The Swiss National Bank (SNB) said it will retain the minimum exchange rate of the Swiss franc at 1.20 per Euro and that it is committed to enforcing the cap on the safe-haven franc even at the cost of buying foreign currency in unlimited quantities.
The SNB has also kept the target band for its benchmark interest rate unchanged at zero to 0.25%, it said in a statement.
The SNB is of the view that the Swiss franc is overvalued and has therefore kept its monetary policy unchanged.
"The Swiss franc is still high. An appreciation of the Swiss franc would compromise price stability and would have serious consequences for the Swiss economy. In the current environment, the minimum exchange rate remains important in order to avoid an undesirable tightening of monetary conditions for Switzerland in the event of sudden upward pressure on the Swiss franc," SNB Chairman Thomas Jordan told reporters at a press conference in Bern, on Thursday.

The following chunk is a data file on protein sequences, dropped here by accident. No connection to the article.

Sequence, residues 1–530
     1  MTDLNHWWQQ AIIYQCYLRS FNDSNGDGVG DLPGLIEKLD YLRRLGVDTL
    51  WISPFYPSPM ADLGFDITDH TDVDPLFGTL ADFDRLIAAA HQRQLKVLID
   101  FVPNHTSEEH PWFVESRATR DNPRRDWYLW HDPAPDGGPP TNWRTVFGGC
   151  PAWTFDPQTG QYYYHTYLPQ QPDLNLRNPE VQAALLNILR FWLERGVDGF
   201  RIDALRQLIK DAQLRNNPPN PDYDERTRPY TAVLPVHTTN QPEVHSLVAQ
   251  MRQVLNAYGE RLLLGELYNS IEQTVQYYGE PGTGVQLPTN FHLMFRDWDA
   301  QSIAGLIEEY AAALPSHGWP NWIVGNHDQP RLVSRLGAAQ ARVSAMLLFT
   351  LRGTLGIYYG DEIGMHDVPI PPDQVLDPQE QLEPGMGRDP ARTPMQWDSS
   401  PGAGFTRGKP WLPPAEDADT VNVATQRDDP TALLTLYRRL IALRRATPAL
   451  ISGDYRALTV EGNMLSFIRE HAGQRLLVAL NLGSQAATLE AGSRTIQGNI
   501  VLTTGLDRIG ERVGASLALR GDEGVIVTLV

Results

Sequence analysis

But low interest rates have boosted the mortgage market and the country now stares at an overheating property market.
The risks for the Swiss economy remain high, Jordan said. "(These risks) continue to originate, for the most part, from the international environment. A weakening in global economic momentum cannot be excluded. Further developments in the euro area financial and sovereign debt crisis remain uncertain.
"Domestically, given the sustained period of exceptionally low interest rates, there is a risk that the imbalances on the mortgage and real estate markets will increase further. This development jeopardises financial stability and, in the event of an abrupt correction, can have wide reaching consequences for the real economy," Jordan said.
The Swiss economy may not return to "full utilization of production capacity" in the near future, Jordan said, and the country's economic momentum would gain pace only if global economic recovery strengthens.
Switzerland's GDP rose 2.3% on an annual basis in the first quarter of 2013. The SNB forecasts second quarter growth to be weaker and expects the economy to grow between 1% and 1.5% in 2013.